Looming Regulatory Wave Vexes Industry

Securitization professionals are getting worried that the inauguration of President Barack Obama in January will usher in an onslaught of regulatory constraints that they've been able to beat back in the past.

The start of the Obama Administration, coupled with larger Democratic majorities in both the House and Senate, will likely lead to a revival of proposals that could make it more difficult, expensive or risky to issue and buy structured-finance products.

Indeed, overhauling the U.S. financial system "is one of the first missions of the new Congress," Sen. Charles Schumer (D-N.Y.), said Monday in an address at a SIFMA conference at the Marriott Marquis hotel in New York. Schumer is a member of the Senate Banking Committee.

The prospect of a radical new regulatory regime has especially riled the market for private-label mortgage-backed securities, contributing to a recent lack of liquidity and plummeting bond values.

"The markets are very skittish, and I think rightfully so, about that transition," said Greg Peters, head of U.S. credit strategy at Morgan Stanley. He spoke during a panel discussion at the SIFMA conference, which focused on the U.S. Treasury Department's financial-system bailout.

Securitization professionals are particularly concerned that the idea of applying "assignee liability" to MBS issues will get a new lease on life, even though they previously succeeded in pushing back that threat several times over the years. Such a measure would permit mortgage borrowers who feel they were wronged by the original lenders to pursue civil or criminal complaints against parties that assume interests in the credits down the line, such as whole-loan buyers, MBS investors and underwriters.

A bill along those lines passed the House last year, but languished in the Senate. Rep. Barney Frank (D-Mass.), chairman of the House Financial Services Committee, has promised to reintroduce the measure in 2009.

"That kind of broad, sweeping extension of risk could seriously impede the securitization of any loan," one attorney said in an interview. It's widely believed that many investors and underwriters would avoid securitized products if they could be held liable for moves and decisions made by lenders and other shops involved in the deals.

Market players are also concerned that the federal government could adopt a more borrower-friendly approach to bankruptcies and loan modifications. Amending the terms of securitized mortgages could disrupt deal cashflows, causing pain for bondholders (see article on Page 3).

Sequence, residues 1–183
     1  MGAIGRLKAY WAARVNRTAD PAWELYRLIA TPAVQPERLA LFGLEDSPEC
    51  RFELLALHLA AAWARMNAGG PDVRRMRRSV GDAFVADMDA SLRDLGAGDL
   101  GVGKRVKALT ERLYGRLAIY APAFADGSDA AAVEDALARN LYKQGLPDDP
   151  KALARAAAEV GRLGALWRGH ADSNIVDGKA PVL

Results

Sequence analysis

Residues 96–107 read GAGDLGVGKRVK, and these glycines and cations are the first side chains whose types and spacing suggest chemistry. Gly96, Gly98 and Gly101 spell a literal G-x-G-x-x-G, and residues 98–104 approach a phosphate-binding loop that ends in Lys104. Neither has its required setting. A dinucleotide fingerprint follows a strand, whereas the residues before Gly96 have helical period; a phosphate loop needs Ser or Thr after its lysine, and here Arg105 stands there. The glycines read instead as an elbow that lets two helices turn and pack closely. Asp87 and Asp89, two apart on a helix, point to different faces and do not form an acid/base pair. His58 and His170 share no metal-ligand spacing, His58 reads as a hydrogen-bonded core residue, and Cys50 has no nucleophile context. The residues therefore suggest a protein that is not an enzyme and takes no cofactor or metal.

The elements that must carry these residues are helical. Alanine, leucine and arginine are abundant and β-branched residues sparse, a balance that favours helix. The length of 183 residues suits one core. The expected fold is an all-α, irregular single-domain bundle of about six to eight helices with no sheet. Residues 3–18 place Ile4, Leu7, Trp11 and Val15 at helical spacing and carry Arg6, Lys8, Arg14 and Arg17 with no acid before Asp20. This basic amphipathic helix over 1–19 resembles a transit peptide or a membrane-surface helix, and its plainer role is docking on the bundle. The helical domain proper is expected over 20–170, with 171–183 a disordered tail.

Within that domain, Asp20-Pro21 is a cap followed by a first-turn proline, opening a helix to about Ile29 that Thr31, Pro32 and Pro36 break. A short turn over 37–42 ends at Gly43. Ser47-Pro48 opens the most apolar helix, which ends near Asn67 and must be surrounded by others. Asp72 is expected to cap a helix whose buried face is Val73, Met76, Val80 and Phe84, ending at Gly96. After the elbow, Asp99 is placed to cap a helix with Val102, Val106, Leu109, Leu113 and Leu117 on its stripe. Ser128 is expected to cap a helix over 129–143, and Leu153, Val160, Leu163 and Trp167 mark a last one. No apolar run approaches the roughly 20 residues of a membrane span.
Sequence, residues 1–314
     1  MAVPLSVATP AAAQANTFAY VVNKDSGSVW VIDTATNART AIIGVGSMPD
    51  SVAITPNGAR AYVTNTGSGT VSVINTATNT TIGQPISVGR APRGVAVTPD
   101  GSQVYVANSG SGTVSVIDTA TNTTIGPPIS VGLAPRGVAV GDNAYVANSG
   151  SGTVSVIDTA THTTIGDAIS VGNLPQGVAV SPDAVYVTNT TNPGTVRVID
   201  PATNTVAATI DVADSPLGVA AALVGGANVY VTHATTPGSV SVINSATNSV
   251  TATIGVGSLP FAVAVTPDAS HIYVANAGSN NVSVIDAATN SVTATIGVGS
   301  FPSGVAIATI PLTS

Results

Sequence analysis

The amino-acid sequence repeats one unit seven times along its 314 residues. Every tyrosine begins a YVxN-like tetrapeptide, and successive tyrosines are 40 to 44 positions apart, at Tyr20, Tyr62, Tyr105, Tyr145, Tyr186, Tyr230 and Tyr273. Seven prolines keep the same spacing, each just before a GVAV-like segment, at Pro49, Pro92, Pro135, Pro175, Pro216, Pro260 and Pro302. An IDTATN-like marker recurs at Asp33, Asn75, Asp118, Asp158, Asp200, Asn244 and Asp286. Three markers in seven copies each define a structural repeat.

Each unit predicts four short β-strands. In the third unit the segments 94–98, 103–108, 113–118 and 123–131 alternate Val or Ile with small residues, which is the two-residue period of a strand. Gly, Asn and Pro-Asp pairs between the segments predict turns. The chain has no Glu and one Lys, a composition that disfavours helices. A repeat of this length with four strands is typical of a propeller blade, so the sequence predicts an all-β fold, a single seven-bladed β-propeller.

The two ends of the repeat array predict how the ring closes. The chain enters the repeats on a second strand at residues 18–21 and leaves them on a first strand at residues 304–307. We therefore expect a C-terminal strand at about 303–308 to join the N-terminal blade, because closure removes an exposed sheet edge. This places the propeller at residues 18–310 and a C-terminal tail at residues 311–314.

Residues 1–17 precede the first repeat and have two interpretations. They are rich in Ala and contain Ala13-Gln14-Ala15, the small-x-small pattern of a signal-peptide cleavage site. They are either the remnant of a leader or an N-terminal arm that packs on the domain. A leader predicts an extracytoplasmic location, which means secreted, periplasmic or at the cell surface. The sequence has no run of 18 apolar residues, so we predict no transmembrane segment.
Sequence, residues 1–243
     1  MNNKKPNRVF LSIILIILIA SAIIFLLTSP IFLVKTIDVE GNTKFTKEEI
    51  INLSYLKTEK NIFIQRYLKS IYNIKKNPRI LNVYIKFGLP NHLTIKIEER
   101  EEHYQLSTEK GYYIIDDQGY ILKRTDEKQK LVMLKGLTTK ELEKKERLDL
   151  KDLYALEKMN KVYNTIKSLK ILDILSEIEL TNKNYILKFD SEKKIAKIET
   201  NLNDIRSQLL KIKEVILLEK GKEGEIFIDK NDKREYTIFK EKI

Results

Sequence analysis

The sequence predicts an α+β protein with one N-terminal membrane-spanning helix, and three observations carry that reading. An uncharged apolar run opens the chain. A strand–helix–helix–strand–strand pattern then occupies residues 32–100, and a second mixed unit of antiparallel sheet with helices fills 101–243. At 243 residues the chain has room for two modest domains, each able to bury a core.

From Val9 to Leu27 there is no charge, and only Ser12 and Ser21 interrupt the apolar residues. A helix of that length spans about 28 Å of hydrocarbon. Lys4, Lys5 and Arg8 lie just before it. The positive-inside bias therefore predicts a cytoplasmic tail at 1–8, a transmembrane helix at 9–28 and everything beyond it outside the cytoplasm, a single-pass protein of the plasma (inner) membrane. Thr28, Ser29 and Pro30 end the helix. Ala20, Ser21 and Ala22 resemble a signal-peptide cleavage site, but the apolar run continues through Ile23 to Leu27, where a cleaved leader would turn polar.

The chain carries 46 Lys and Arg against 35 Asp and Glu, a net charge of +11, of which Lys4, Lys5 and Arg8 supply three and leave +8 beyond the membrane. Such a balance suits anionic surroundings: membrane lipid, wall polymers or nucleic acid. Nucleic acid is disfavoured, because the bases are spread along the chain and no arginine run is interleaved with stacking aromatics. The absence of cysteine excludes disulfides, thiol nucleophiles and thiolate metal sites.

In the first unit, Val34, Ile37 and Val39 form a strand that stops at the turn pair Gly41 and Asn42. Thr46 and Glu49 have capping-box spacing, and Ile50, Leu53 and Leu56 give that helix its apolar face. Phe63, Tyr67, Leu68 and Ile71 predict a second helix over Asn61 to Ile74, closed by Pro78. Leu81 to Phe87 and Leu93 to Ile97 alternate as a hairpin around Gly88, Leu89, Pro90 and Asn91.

Buyers of future MBS offerings would also be forced to compensate for that risk by demanding more credit protection and fatter returns. That, in turn, would drive up the overall cost of credit in the U.S. "Those are huge potential issues for the mortgage-backed securities market," the lawyer said.

However, lawmakers are mulling some regulatory reforms that many agree would be good for the industry. For example, a government guarantee on modified mortgages would make the credits more palatable to investors.

The American Securitization Forum and Mortgage Bankers Association have been successful in the past in lobbying lawmakers to reject legislation that would stifle securitization. But the trade groups aren't saying how they plan to approach the looming wave of regulatory changes.

Meanwhile, the Financial Accounting Standards Board is finalizing a long-developing rule change that would eliminate the longstanding practice of using qualified special purpose entities to issue asset- and mortgage-backed securities. FASB's proposal would make it more difficult for issuers to move the underlying assets off their balance sheets.

Without that advantage, securitization may cease to be an economical funding route for many lenders - especially credit-card companies. The overall pool of receivables available for securitization could be further diminished if Congress and the Federal Reserve follow through on plans to stiffen rules that card lenders must follow when charging fees, changing customers' interest rates and allocating payments.

Back Print